Known as “The City of Water”, Venice is a city consisting of 118 small islands separated by canals and connected by bridges. The city and its lagoon was declared a UNESCO World Heritage Site in 1987. For years, it has been a popular tourist destination. Celebrated for its art and architecture, Venice is highly regarded as one of the most beautiful cities in the world. If you find yourself in Venice just for a short weekend getaway or as a pit-stop in a grand tour of Italy, here are some suggestions for things to do in 2 days:
1. Take a trip down the Grand Canal on a vaporetto
Whenever you picture Venice, chances are that an image of the Grand Canal comes to mind. As the major water-traffic corridor for the city, it is one of Venice’s most iconic landmarks. It runs for 3.8 kilometers (2.4 miles), and its width ranges from 30 to 90 meters (98 to 295 feet), varying at different sections. The best way to experience the canal is to cruise down on a vaporetto, which is simply a water taxi or waterbus service that runs throughout most of the city. Standard one-way adult fares are 7.50 EUR (8.40 USD). However, if you’re going to be taking more rides during your time there, you may want to consider getting a travel card, which ranges from 20 EUR (22.40 USD) for a 1-day pass, and 60 EUR (67 USD) for 7 days.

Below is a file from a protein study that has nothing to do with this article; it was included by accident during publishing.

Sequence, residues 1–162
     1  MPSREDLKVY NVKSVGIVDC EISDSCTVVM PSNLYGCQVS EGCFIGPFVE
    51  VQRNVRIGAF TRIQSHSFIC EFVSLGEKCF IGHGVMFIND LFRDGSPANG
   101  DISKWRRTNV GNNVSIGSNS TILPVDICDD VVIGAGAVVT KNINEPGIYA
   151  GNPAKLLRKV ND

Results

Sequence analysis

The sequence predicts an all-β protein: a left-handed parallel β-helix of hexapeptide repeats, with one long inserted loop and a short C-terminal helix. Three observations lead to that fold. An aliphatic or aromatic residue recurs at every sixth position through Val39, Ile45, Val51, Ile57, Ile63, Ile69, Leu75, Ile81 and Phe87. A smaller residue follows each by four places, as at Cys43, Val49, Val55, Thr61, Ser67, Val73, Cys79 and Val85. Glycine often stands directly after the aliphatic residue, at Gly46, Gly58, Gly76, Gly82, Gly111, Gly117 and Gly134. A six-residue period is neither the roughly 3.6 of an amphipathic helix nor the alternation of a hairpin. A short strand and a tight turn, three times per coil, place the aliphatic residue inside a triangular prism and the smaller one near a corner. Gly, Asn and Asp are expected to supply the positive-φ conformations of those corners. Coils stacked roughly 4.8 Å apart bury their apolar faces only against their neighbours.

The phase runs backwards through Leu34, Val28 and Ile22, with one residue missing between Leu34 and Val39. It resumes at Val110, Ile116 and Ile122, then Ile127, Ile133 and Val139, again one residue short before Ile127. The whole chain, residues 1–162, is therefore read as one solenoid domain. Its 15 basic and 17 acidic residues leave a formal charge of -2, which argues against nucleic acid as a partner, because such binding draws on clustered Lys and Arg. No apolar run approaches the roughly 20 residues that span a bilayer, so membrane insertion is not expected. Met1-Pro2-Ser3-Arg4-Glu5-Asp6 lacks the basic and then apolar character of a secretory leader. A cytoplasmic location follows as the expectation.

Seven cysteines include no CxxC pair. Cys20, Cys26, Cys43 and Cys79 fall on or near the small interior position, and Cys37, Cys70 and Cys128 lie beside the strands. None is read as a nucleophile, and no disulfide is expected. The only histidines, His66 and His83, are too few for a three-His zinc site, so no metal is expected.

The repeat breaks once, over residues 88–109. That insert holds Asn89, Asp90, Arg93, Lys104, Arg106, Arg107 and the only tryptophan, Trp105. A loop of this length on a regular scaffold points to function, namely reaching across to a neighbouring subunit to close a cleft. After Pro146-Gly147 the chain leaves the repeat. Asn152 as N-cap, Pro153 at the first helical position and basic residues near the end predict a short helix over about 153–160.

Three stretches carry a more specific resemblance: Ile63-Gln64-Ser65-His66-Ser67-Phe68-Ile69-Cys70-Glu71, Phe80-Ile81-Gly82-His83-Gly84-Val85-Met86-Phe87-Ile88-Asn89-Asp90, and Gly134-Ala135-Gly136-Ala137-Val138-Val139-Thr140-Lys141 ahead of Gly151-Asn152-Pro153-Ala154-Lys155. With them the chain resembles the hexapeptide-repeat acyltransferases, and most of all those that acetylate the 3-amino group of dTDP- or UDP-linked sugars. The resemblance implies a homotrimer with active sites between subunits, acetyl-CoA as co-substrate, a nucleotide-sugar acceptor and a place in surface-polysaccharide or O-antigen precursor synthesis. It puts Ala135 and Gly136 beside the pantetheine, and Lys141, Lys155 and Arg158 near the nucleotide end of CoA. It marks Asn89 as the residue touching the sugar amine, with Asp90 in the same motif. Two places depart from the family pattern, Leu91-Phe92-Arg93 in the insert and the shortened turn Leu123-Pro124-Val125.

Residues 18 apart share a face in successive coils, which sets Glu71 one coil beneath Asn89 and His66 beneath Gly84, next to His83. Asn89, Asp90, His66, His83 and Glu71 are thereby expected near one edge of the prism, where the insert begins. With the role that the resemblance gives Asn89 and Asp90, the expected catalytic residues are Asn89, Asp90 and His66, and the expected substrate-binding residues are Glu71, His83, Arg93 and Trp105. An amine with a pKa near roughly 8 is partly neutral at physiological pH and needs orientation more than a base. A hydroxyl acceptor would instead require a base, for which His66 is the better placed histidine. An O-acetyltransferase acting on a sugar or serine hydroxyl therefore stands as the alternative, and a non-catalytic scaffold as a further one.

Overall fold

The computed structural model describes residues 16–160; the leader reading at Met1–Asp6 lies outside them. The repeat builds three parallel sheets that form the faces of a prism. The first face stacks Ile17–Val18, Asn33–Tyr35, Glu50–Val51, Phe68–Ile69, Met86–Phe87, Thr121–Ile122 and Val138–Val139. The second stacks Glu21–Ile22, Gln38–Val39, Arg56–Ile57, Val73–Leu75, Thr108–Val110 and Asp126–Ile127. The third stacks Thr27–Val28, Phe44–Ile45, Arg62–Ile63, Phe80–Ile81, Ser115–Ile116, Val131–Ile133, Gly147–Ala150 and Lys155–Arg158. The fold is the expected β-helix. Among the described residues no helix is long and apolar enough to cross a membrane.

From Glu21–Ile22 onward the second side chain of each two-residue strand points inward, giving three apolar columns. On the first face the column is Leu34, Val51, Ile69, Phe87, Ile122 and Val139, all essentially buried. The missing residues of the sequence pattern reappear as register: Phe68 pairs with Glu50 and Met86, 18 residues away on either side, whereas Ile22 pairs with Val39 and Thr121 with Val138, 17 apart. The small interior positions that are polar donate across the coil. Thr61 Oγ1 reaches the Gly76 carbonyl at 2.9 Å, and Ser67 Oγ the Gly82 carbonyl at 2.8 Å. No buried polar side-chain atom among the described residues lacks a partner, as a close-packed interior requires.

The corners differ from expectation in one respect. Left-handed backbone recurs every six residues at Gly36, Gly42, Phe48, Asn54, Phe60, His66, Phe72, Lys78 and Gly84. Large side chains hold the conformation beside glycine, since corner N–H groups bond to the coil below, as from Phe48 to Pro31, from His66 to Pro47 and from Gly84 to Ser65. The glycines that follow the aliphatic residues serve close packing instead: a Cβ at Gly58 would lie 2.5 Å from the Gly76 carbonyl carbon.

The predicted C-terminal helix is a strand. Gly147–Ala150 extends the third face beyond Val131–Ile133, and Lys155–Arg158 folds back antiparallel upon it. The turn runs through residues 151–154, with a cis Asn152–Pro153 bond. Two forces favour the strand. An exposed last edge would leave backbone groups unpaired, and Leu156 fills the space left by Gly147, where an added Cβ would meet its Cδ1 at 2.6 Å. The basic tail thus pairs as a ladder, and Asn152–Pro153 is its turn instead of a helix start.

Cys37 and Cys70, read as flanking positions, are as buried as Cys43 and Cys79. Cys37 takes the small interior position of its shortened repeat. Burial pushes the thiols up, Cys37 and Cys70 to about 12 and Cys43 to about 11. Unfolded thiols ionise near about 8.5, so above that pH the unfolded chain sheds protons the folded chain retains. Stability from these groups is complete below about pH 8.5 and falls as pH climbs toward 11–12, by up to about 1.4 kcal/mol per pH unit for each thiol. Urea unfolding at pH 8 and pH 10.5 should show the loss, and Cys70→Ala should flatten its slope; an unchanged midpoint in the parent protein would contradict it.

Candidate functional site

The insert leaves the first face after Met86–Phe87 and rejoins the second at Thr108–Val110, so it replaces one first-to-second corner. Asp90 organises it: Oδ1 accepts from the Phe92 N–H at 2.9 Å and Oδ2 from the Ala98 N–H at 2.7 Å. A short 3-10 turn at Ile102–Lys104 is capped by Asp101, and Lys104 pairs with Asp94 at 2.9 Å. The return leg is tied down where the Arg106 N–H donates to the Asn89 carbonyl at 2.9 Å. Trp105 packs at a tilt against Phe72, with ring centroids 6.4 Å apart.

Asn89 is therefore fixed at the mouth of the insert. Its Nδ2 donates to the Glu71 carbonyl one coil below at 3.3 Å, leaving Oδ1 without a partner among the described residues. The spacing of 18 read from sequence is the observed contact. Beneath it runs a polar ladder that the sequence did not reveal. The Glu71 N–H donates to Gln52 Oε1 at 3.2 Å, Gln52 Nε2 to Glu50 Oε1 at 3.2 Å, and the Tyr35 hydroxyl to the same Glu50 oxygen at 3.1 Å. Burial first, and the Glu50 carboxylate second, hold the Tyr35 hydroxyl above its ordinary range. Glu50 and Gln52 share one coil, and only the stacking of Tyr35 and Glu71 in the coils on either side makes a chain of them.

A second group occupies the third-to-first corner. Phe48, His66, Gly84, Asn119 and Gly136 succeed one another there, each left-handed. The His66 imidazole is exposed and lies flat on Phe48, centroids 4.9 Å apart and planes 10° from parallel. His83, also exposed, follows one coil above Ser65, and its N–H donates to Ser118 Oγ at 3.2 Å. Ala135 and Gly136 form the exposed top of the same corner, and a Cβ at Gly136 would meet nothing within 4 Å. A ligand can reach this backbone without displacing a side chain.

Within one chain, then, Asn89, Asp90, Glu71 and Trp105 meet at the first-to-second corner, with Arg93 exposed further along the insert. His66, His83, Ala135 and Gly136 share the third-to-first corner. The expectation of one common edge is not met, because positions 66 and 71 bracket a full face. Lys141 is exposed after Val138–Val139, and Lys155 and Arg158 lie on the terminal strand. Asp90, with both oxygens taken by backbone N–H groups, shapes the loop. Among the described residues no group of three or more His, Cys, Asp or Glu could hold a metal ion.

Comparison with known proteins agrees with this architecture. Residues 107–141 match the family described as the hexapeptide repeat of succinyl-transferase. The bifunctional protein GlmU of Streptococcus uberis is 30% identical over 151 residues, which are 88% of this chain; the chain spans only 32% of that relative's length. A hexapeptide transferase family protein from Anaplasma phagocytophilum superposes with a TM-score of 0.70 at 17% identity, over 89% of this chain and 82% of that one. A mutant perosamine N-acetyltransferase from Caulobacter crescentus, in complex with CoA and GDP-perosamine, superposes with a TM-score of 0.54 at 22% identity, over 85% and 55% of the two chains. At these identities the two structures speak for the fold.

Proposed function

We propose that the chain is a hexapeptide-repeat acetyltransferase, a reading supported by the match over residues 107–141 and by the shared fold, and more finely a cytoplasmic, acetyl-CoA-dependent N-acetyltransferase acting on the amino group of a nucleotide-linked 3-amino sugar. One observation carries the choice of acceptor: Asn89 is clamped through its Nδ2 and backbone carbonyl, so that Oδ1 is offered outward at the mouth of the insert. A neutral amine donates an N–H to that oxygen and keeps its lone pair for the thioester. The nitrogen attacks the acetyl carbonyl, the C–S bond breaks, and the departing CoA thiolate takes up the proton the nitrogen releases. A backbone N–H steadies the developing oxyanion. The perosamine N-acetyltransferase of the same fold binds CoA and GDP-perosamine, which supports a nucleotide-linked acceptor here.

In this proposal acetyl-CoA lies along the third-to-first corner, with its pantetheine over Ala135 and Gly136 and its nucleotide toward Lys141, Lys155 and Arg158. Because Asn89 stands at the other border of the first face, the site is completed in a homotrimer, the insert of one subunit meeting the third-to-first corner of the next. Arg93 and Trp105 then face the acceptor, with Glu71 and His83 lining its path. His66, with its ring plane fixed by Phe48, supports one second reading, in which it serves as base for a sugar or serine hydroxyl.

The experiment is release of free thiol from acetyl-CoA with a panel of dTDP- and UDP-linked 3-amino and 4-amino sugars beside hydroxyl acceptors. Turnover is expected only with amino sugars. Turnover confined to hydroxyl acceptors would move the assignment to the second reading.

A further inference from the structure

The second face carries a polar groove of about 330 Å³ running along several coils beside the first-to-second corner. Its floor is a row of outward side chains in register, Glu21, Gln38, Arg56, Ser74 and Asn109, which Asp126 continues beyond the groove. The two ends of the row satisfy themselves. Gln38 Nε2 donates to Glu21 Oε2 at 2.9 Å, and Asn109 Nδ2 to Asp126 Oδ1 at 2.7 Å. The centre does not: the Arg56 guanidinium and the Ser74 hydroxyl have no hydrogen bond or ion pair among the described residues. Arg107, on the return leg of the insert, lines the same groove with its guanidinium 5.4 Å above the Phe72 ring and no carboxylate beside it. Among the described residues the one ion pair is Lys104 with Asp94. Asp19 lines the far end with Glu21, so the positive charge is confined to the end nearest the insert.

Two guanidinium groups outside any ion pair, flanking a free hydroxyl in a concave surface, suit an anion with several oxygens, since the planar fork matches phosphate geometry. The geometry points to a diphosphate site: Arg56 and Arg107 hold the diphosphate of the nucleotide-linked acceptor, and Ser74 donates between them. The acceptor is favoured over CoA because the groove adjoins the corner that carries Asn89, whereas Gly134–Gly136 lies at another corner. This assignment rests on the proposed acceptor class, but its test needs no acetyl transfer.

2. Ride a gondola
Taking a gondola ride is easily the most popular activity for any visitor in Venice. While it is a romantic and unique experience, it can also be very costly. The official price set by the government is 80 EUR (89.40 USD) for a 40-minute ride, with each additional 20 minutes costing 40 EUR (44.70 USD). Prices typically increase at night. Each ride can seat up to 6 people, so it will be cheaper if you can share the cost with more people. Even though all of Venice’s gondolas are managed by Ente Gondola, note that every gondolier sets his own prices and rules. While many claim that this is a major tourist trap, it is still worth experiencing once if you are willing to bear the cost. You may want to consider pre-booking your gondola ride (e.g. with Viator), which offers shared gondola rides and will save you money. Alternatively, you may be able to negotiate with the gondolier for a cheaper price and shorter ride. But the most important thing is to make sure the price and duration of the ride is all agreed upon before the ride starts.